Central Victorians have spoken about the need to tackle injustice for Indigenous people in Australia, as parallels are drawn with the systemic police racism that has sparked protest in the United States.
Raylene Harradine, chief executive officer of the Bendigo and District Aboriginal Co-operative and a First Nations' Assembly member, said events in the US called to mind the deaths of Indigenous people in custody and violence they had experienced at the hands of the police.
Amnesty International Australia says more than 400 Indigenous people have died in police custody since the Royal Commission into Aboriginal Deaths in Custody ended in 1991.
Ms Harradine said these deaths showed "things haven't really changed since then".
"There is something wrong with our system," Ms Harradine said.
She said people believed Australia was a fair country and the system was set up to work for everyone, but racism remained embedded.
While there had been some inroads made, with such initiatives as the introduction of Koori Courts in Victoria, there were still issues for Indigenous people.
"Globally, this is still happening... If you're born of a colour, if you're born black - particularly for a male - you've got a target on your back," Ms Harradine said.
The family of Tanya Day, a Yorta Yorta woman who died after suffering a head injury in a police cell at Castlemaine, said it was a "stain on this country" that no police officer had ever been held criminally responsible the death of an Indigenous person in custody.
"We know that our mum would have been treated differently and would still be alive today if she was a non-Indigenous person... Aboriginal deaths in custody must end," Ms Day's family said in a statement with Change the Record, an Aboriginal-led justice coalition.
Rodney Carter, the chief executive officer of the Dja Dja Wurrung Clans Aboriginal Corporation, said the community was still struggling to deal with the trauma from experiences within the justice system.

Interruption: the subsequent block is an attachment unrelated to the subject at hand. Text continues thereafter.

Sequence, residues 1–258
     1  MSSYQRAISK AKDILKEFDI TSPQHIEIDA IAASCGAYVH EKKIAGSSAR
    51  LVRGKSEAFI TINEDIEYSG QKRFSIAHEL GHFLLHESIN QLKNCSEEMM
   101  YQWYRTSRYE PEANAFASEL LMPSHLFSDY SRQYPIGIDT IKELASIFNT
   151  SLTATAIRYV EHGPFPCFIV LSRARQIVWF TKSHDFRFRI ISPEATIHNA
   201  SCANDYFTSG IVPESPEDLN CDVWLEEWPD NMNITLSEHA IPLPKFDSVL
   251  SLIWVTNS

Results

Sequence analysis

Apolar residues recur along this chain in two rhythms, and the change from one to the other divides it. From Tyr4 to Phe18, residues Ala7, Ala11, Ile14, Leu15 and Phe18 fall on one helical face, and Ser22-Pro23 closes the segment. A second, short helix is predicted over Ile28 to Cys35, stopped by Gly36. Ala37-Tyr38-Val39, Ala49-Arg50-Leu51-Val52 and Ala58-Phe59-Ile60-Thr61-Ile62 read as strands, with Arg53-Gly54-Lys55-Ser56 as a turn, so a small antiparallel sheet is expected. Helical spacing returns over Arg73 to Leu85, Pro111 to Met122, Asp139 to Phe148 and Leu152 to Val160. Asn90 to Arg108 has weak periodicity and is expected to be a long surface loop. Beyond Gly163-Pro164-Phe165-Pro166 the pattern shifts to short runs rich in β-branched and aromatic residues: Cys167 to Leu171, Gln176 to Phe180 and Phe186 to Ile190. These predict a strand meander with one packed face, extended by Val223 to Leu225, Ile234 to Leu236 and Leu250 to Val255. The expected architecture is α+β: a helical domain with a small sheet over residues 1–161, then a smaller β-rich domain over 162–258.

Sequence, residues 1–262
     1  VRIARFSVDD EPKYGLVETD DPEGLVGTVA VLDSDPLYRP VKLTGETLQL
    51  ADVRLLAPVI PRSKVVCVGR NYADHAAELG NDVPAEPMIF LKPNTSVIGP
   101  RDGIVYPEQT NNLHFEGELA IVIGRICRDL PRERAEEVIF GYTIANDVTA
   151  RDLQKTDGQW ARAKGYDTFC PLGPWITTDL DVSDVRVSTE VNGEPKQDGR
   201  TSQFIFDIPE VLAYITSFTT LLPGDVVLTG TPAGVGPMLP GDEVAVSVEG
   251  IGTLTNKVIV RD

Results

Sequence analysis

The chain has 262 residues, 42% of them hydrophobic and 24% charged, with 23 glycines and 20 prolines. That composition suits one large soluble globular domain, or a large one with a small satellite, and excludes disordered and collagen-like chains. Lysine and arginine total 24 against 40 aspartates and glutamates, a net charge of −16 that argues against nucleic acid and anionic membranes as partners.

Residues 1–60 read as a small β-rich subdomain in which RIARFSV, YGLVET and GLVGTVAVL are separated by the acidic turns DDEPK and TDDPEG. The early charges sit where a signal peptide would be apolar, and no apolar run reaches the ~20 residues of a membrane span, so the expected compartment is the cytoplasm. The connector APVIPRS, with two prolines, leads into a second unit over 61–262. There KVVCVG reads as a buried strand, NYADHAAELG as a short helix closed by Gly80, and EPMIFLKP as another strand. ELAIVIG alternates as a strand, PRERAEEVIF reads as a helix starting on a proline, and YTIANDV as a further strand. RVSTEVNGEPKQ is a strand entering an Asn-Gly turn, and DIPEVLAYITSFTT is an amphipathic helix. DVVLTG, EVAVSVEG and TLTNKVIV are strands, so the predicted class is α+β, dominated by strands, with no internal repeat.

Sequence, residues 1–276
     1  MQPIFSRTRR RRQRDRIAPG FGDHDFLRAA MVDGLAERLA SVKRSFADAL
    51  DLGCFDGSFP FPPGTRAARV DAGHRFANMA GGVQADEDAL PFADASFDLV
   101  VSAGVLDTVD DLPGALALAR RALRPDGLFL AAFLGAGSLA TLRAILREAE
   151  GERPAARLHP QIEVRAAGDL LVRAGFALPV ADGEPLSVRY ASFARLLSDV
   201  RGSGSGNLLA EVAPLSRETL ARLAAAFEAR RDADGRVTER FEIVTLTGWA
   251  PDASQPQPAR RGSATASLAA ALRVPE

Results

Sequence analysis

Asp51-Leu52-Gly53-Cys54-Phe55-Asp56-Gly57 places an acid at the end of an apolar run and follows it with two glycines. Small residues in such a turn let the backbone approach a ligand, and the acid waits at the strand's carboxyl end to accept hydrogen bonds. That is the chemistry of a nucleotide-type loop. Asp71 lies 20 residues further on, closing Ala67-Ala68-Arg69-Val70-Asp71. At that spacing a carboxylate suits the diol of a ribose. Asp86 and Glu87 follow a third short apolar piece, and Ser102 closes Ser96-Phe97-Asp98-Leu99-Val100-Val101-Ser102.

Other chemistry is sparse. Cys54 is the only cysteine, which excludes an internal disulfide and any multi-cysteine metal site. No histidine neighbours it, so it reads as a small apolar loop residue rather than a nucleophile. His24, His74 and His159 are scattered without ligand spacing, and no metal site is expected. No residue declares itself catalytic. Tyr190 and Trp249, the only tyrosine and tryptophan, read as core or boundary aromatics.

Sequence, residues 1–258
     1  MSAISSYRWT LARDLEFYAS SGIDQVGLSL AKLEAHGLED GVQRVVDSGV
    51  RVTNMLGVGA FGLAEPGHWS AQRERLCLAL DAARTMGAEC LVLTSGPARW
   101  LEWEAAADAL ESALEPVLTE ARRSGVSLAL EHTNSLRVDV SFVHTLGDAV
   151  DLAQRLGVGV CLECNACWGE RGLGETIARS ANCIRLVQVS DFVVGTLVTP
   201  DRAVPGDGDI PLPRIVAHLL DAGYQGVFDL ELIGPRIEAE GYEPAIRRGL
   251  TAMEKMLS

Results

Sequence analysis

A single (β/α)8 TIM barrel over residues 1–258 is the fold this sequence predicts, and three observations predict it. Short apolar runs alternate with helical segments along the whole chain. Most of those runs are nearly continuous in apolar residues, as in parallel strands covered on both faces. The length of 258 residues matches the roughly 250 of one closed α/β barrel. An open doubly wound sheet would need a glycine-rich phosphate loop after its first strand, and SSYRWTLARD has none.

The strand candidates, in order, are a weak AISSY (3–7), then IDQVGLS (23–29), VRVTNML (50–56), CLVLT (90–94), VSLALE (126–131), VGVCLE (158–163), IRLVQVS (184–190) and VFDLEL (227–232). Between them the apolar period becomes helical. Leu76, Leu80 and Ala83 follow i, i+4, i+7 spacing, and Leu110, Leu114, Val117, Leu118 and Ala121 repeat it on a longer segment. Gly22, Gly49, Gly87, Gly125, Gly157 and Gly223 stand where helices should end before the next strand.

"I feel for the police with what they have to deal with on the front line, but we all have to be held accountable for our behaviour," Mr Carter said, adding that escalating situations into violence was "intolerable".
He said the recent racism experienced by members of the Karen community in Bendigo highlighted how sections of the community remained intolerant of other people and cultures.
While it was hard to say how the issues could be solved, Ms Harradine said cultural awareness was really important.
"When we look at the recent deaths in custody and the way the police or the justice system have treated Aboriginal people, I think there's a lack of understanding around the underlying issues with what's going on with Aboriginal people," she said.
Ms Harradine also suggested some success could be found with putting more resources into community policing programs and relationship-building.
"Investment in the front end is probably better than being reactive," she said.
Mr Carter said the current situation offered an opportunity for conversations within the families about these issues.
These conversations would help ensure that children would not only not become perpetrators of racism in the future, he said, but empower them to stand up for others.
Mr Carter said there was also a simple way to make positive change: people treating others the way they would want to be treated.